Asian elephants today are defined through the lens of culture, conflict, economics, and troubled conservation. This photo essay is an attempt to examine the work of researchers studying Asian elephants to learn how they may successfully live with humans.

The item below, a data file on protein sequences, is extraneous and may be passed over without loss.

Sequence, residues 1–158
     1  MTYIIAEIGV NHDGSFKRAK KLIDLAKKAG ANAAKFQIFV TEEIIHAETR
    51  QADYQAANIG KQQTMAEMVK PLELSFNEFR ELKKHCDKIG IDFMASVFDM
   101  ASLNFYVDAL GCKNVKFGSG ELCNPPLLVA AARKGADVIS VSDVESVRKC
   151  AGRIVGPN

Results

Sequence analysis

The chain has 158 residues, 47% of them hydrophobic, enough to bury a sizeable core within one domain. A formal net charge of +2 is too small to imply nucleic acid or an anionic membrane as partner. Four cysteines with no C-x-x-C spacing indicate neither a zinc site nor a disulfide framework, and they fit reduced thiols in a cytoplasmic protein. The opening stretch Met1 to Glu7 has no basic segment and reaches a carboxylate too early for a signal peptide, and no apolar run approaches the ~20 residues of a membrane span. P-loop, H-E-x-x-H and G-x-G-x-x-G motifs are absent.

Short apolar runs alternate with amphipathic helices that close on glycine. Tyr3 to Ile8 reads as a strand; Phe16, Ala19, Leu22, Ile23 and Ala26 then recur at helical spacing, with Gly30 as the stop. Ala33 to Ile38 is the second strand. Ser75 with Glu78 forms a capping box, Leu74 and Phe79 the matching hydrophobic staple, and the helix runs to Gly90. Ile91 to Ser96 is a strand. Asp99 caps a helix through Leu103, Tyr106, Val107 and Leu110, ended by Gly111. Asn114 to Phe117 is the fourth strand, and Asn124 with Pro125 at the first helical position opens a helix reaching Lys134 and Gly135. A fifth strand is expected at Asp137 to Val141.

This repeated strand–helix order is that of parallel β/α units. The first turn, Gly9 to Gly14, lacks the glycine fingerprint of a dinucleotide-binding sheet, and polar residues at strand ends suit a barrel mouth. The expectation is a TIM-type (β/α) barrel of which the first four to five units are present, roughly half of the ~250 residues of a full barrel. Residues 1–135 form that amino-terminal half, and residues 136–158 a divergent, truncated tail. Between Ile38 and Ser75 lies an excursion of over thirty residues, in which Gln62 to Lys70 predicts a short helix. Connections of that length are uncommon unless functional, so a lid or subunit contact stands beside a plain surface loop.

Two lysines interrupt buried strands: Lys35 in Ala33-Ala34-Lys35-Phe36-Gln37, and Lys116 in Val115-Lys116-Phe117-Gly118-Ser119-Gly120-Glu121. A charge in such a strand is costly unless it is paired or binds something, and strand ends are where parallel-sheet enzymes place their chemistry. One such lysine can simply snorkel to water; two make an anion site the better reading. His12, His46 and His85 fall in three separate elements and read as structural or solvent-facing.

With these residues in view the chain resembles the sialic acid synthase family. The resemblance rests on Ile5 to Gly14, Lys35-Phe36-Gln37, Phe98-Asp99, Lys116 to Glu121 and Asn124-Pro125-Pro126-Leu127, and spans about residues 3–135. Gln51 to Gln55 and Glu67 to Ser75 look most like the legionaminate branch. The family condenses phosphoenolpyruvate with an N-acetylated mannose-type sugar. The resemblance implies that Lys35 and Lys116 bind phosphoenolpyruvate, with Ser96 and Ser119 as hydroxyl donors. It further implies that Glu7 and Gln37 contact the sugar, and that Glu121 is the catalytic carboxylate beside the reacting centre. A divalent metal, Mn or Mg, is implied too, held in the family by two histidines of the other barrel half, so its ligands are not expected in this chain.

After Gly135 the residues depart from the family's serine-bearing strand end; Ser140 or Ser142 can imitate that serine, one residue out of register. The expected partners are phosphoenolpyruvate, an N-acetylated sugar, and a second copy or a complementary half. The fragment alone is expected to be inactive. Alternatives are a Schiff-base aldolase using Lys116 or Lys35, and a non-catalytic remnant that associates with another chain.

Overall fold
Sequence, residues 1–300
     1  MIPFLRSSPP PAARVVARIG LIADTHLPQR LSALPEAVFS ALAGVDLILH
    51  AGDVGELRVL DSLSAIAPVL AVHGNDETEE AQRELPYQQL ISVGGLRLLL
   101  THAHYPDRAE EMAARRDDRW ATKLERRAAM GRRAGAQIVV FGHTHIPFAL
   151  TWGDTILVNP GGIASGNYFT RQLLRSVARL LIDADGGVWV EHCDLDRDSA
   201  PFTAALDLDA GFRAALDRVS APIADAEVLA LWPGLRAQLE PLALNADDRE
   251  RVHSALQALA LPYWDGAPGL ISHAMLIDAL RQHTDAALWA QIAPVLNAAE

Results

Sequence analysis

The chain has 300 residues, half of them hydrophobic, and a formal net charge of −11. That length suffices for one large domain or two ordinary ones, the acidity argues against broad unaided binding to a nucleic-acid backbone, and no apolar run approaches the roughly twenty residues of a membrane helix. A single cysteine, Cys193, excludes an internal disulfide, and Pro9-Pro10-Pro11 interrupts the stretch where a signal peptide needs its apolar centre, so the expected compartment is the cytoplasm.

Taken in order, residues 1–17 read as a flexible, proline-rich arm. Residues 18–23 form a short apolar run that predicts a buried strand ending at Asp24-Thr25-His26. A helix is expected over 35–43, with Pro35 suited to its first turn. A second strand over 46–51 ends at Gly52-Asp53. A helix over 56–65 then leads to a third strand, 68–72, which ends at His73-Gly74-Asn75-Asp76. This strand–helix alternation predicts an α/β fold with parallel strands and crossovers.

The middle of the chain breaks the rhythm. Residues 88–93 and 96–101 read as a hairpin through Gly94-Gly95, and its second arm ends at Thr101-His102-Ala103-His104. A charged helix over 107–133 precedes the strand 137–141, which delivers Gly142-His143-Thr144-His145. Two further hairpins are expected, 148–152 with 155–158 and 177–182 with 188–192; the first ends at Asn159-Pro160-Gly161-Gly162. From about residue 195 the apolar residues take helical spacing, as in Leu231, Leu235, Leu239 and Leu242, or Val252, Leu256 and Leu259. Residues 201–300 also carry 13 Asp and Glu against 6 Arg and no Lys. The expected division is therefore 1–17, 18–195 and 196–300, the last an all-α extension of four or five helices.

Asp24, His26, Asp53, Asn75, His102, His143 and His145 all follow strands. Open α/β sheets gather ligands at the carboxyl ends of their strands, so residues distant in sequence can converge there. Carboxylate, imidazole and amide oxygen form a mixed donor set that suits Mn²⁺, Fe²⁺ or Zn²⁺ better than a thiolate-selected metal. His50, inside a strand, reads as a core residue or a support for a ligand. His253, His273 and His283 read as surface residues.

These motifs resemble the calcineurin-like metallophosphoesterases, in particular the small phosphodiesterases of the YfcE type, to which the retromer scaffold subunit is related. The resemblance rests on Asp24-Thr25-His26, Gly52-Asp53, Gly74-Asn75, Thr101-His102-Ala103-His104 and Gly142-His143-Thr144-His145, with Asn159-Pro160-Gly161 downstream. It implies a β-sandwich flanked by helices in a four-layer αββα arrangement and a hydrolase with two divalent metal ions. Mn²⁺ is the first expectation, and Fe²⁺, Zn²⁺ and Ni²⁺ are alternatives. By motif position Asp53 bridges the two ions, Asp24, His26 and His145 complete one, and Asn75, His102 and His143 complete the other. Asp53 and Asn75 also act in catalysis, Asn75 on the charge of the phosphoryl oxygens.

Nearly 60% of Asian elephants live outside of national parks, close to human communities, and every year more and more of their natural habitat is lost. Asia has been developing at great speed, but very little thought has been given to the question of the peaceful coexistence of humans and elephants. In countries such as Sri Lanka, there has been a tremendous focus on the agricultural sector. For example, development agencies have built dams without conducting any prior environmental impact assessments, and crops have been planted on land adjacent to elephant habitat areas. A similar pattern can be seen across Asia with development at any cost, growth for humans, and not a thought for the animals. As a result, hundreds of elephants die every year in human-elephant conflict, and many humans are maimed and killed. Yet elephants play a fundamental, centuries-old role in religious practices, plus a vital role in the tourist industry. For researchers, a greater understanding of the elephant could mitigate much of the conflict playing out today.